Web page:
Amee Patel, president of Gujrat Samaj, Houston, said: “As an organization of Indian-origin (people), we fully stand behind our flag and our other Indian community organizations in protesting against this event and we do not support this event in any fashion.” Swapan Dhairyawan, a community activist and former president of the India Culture Centre, said that it would not have been an issue if the artist was performing for a regular concert. But he emphasized it as a celebration of Pakistan’s Independence Day and saying in his viral video ‘Humara Pakistan’ is unforgivable and unfortunate.

Indian Americans in large numbers strongly criticized the ill-timed video and expressed their anger towards the statement that the show is a joint celebration. They said that the video comes across as a ‘cruel joke’ in the wake of the ceasefire violations by Pakistan along the LoC, resulting in deaths of many innocent civilians and the armed forces personnel.

According to a PTI report, Ramesh Shah, an Indian-American philanthropist said   “Celebrating India’s Independence Day is for those who believe in India and its freedom and democracy…It can never happen with Pakistan, and not when they are sponsoring and supporting Pakistani terrorists on the Indian soil.”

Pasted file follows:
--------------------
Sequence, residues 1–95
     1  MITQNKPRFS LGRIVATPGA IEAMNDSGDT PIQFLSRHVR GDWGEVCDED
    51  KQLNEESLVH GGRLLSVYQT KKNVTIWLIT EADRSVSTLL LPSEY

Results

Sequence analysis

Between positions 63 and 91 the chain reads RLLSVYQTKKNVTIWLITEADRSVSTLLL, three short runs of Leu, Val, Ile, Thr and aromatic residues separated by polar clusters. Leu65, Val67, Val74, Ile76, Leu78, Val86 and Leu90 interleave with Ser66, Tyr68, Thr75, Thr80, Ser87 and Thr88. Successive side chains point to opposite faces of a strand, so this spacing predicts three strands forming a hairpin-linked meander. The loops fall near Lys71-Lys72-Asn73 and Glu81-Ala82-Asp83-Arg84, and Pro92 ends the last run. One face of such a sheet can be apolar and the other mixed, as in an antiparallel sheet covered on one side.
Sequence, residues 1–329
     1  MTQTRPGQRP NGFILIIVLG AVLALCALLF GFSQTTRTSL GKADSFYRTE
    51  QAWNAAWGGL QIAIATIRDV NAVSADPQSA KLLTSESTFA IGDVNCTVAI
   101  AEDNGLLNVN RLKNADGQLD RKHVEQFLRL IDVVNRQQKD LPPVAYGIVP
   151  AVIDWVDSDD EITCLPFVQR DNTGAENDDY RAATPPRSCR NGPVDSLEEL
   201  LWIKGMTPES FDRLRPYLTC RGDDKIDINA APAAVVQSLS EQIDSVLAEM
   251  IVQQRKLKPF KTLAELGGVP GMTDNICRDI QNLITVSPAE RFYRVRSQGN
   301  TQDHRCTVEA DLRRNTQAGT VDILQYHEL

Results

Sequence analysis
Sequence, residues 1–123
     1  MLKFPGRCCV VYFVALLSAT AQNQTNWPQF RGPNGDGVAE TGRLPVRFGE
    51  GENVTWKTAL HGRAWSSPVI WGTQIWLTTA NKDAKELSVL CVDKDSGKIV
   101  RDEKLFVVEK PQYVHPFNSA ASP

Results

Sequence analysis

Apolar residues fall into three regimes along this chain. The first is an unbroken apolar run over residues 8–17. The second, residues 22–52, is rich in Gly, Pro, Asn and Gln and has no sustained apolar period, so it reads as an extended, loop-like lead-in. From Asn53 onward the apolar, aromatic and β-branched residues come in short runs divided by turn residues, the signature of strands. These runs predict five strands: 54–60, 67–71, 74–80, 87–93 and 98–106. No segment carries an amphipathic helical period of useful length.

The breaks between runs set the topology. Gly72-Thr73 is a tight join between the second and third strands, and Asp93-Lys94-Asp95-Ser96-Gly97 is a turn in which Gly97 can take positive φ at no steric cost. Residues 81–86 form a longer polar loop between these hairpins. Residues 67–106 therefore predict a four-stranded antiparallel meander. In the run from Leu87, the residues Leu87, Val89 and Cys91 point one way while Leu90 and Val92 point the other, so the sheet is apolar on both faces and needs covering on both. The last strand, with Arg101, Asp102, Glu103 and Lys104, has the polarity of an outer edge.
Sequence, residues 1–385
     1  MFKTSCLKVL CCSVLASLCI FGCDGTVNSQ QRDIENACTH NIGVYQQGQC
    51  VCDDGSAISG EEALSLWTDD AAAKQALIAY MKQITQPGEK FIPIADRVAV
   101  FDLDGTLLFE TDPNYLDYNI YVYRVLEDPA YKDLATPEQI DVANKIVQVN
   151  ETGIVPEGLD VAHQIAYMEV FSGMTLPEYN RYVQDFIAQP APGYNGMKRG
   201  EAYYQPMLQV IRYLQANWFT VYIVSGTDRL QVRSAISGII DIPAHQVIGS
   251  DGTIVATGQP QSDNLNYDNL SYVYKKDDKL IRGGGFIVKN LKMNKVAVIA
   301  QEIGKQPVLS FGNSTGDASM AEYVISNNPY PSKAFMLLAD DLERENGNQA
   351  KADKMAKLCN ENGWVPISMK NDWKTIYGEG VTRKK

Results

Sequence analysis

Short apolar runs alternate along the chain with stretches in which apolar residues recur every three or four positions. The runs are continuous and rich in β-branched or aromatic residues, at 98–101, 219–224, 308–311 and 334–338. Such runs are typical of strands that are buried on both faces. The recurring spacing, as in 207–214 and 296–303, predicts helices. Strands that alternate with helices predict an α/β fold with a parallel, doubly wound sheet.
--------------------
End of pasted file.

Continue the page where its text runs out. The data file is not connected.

Mika Singh also drew the ire of several political parties. Maharashtra Navnirman Sena (MNS) Chitrapat Sena Chief Amey Khopkar tweeted, “Mika Singh is doing Hamara Pakistan concert in USA. Open challenge to him, try holding a mic (microphone) in Maharashtra now,” The MNS leader said that he would write to CM Devendra Fadnavis seeking suitable action against the singer for his unpatriotic remarks.

Later, on August 12, MNS staged protests in Mumbai, Pune and Nashik, burned the Pakistani flag and effigies of Mika. Congress leader Sanjay Nirupam said, “He should know that the Pakistan which he is praising is our enemy. Pakistan always plans and plots against India and to praise such a country is incorrect.” Nirupam has asked Mika to apologize for his shameful act and to withdraw his statement. Shiv Sena leader Sanjay Raut also spoke on this issue and said that the artists should not compromise on patriotism over commercial benefits.

 ALSO READ: Delhi police arrests singer Mika for assaulting doctor at an event

India and Pakistan are not on good terms and there is a lot of tension between the two countries so this is not a correct time for an Indian artist to perform in Pakistan, celebrating their Independence Day when after the 2016 Uri attack all the Pakistani artists were banned to work in India. Twitter users criticized Mika Singh:


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US Senate Confirms Three Indian Americans picked by President Donald Trump to Key Governmental Posts

The Senate has unanimously confirmed three Indian-Americans to key government positions, including one as the Trump administration’s czar on intellectual property

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US Senate